China has managed to do something that no other nation has – land a spacecraft on the far side of the moon.
When the Chang’e 4 craft touched down it became a symbol of China’s growing ambition to become a leading power in space.
Sky’s science correspondent Thomas Moore has been taking a closer look at the landing and what it means.
BBC – China says it has successfully landed a robotic spacecraft on the far side of the Moon, the first ever such attempt and landing.
At 10:26 Beijing time (02:26 GMT), the un-crewed Chang’e-4 probe touched down in the South Pole-Aitken Basin, state media said.
It is carrying instruments to analyse the unexplored region’s geology, as well to conduct biological experiments.
The landing is being seen as a major milestone in space exploration.
There have been numerous missions to the Moon in recent years, but the vast majority have been to orbit, fly by or impact. The last crewed landing was Apollo 17 in 1972.
Why China has its eye on the stars
The Chang’e-4 probe has already sent back its first pictures from the surface, which were shared by state media.
With no direct communication link possible, all pictures and data have to be bounced off a separate satellite before being relayed to Earth.
Why is this Moon landing so significant?
Previous Moon missions have landed on the Earth-facing side, but this is the first time any craft has landed successfully on the unexplored and rugged far side.
Some spacecraft have crashed into the far side, either after system failures, or after they had completed their mission.
How Chinese media reported the landing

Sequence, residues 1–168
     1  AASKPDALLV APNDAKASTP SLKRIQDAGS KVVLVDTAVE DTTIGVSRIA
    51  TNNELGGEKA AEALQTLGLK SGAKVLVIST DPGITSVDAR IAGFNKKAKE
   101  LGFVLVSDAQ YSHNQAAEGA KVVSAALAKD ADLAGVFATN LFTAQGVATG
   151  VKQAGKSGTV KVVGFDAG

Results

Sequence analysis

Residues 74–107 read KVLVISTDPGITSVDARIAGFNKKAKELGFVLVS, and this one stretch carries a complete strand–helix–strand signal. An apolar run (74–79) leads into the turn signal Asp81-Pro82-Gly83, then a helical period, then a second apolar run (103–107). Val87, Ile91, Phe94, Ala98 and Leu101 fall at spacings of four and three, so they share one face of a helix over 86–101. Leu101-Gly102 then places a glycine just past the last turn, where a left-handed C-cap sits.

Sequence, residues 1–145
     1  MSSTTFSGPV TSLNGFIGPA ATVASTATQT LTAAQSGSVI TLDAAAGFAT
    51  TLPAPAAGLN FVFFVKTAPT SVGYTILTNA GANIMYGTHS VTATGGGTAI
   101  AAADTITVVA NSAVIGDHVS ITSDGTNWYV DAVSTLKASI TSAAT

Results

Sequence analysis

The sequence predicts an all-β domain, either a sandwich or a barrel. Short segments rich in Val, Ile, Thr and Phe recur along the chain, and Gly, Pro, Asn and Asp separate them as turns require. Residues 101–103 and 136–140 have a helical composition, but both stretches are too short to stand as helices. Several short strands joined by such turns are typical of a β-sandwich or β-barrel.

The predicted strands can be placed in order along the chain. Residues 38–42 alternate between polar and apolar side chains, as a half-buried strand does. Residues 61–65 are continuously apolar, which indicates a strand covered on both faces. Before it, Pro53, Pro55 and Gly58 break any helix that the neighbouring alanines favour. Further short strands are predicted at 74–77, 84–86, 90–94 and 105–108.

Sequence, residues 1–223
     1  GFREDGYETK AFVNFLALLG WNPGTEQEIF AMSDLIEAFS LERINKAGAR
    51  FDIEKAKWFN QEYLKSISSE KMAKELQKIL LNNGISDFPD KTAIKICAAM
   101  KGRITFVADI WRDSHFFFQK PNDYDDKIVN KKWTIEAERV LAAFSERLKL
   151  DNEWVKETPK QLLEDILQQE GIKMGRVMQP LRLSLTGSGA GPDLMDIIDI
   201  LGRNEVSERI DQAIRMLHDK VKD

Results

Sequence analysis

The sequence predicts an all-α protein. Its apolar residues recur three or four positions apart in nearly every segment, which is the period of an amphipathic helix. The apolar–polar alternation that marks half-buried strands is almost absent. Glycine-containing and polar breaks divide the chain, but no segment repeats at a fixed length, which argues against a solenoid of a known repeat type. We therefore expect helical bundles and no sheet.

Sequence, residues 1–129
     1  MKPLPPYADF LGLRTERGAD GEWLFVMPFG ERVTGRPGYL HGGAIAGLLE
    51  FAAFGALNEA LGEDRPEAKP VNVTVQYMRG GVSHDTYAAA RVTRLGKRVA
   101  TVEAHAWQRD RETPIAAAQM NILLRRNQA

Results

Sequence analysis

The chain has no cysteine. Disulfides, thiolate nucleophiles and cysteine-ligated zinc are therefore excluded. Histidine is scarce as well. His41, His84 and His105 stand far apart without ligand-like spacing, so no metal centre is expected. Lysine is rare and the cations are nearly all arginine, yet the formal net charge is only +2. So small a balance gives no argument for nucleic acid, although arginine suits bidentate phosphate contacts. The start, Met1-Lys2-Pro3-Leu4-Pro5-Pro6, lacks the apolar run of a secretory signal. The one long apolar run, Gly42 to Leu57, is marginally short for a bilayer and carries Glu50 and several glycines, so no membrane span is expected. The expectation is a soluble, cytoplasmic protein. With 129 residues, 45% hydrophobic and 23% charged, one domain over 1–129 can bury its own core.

The myths and music about the moon’s dark side
Ye Quanzhi, an astronomer at Caltech, told the BBC this was the first time China had “attempted something that other space powers have not attempted before”.
Image captionThe far side is not visible from the Earth due to “tidal locking”
The Chang’e-4 was launched from Xichang Satellite Launch Centre in China on 7 December; it arrived in lunar orbit on 12 December.
It was then directed to lower itself toward the Moon, being careful to identify and avoid obstacles, Chinese state media say.
The Chang’e-4 probe is aiming to explore a place called the Von Kármán crater, located within the much larger South Pole-Aitken (SPA) Basin – thought to have been formed by a giant impact early in the Moon’s history.
“This huge structure is over 2,500km (1,550 miles) in diameter and 13km deep, one of the largest impact craters in the Solar System and the largest, deepest and oldest basin on the Moon,” Andrew Coates, professor of physics atUCL’s Mullard Space Science Laboratory in Surrey, told the BBC.
The event responsible for carving out the SPA basin is thought to have been so powerful, it punched through the Moon’s crust and down into the zone called the mantle. Researchers will want to train the instruments on any mantle rocks exposed by the calamity.